Ronald Reagan plays a starring role in my political awakening.
Believe me, I take no pride in these words.
My first memory of Reagan dates back to seventh-grade sewing class. A voice breaks across the loudspeaker, over the clacking of 30 machines, to announce an attempt has been made on the president’s life. He has been shot and injured, taken to a hospital in Washington, D.C. To this day, I can recall my crushing sense of disappointment.
Fast forward two years. Now it’s ninth grade and I’m sitting at the back of the Los Angeles city bus with my friends, a group of smart but cocky misfits. We are scheming how to defeat Ronald Reagan. We whisper possible ideas and plots. Every one of us wants to do this service to the country.
By the time I’m in high school, college, the Reagan Era is entrenched. Tax money is being spent on defense to pummel the USSR. Conservatives have unleashed an anti-abortion campaign that seems nothing less than an attack on women. A generation of kids are scarred by the post-nuclear TV movie “The Day After” (my school is near an air force base and though jets were forbidden to break the speed of sound, they did so with regularity, jolting me awake straight into fear that a nuclear bomb was about to drop). As governor of California in the 1960s, Reagan took one of the best-performing public school systems and turned into one of the worst. Now he is doing the same with the country.
Like him or not, as the president of my generation’s youth, Ronald Reagan defined many of us who came into political awareness at an impressionable age. To this day, when I think back on that period, I recall how it seemed that no matter what we did, we had no impact. Republicans continued cutting taxes for the wealthy, depleting the treasury on machines of war, attacking the poor, and lying to Congress. My friends and I became cynical, apathetic, and disaffected, a state that did not lift even when Reagan was out of office.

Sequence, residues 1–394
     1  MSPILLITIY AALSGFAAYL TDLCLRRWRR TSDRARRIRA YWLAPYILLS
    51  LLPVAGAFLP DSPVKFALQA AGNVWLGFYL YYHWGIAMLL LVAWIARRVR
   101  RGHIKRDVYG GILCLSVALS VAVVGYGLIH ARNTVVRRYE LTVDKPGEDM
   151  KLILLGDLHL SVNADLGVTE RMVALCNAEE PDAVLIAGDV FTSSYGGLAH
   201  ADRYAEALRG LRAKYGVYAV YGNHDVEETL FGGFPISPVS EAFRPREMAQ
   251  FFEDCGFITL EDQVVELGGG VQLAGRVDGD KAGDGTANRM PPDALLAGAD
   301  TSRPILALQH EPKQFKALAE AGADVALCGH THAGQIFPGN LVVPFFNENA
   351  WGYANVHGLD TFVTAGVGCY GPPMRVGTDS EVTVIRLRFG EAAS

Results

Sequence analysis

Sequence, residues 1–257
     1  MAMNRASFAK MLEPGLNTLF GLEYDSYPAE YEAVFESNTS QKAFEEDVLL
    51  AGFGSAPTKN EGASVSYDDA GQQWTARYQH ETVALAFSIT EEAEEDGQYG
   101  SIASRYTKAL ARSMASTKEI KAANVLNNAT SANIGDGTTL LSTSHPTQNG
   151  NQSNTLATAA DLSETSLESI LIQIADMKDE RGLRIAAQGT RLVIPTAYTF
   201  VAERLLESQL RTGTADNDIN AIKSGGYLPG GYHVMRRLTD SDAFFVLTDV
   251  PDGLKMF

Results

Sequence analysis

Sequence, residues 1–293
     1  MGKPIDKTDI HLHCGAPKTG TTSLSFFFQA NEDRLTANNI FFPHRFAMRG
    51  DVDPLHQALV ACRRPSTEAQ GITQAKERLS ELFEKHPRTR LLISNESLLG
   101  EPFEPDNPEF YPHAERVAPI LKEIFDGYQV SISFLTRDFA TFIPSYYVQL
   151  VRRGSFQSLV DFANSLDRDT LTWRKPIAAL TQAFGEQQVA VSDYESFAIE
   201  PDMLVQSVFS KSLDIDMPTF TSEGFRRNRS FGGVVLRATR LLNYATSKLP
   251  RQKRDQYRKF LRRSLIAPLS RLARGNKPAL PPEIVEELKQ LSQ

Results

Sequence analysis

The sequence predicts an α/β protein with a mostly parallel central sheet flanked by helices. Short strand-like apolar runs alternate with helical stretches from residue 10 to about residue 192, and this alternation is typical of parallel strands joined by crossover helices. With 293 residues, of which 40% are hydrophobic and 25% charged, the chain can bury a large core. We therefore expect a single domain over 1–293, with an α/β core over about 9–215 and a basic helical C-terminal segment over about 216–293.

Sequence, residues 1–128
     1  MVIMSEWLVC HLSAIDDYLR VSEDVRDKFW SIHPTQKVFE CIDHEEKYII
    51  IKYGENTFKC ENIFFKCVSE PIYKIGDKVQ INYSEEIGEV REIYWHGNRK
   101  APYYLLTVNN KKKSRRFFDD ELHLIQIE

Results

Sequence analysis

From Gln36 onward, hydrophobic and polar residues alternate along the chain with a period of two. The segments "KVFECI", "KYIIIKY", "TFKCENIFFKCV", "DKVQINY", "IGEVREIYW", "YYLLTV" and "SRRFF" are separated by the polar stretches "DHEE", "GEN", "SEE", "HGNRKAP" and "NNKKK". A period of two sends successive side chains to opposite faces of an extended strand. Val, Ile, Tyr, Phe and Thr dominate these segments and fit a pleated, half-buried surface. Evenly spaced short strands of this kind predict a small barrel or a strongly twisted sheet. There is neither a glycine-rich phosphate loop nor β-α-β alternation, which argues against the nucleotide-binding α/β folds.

Under these circumstances, by rights I should have given up, become one of those people I knew who paid little attention to anything beyond their immediate concerns. But that never happened. I have phone banked and canvassed for many candidates, in red states and red districts, even though I am a hardcore introvert. I have attended rallies and marches from New York to Hawaii, even though I hate crowds. I binge watch MSNBC. I argue politics even when it may ruin the social vibe — don’t even get me started about those men, newly interested in politics since Trump’s election, who felt they could explain Hillary Clinton and 2016 to me.
You could say I was destined — some might say doomed — to become a civically engaged person. I was raised by a single mom in the 1970s. My mom was a quiet feminist; she wasn’t vocal about her views, but they were apparent in everything, from taking me to defend an abortion clinic when I was 16 to the cardboard mobile hanging in her office with red letters stacked like a pyramid stating “I AM WOMAN,” plastered with pictures of Helen Reddy.
So should I thank my mom for my civic engagement? But maybe it was connected to growing up in Los Angeles, which was full of one-parent families, artists, actors, gays, pot smokers, and people who in some way lived outside the norm.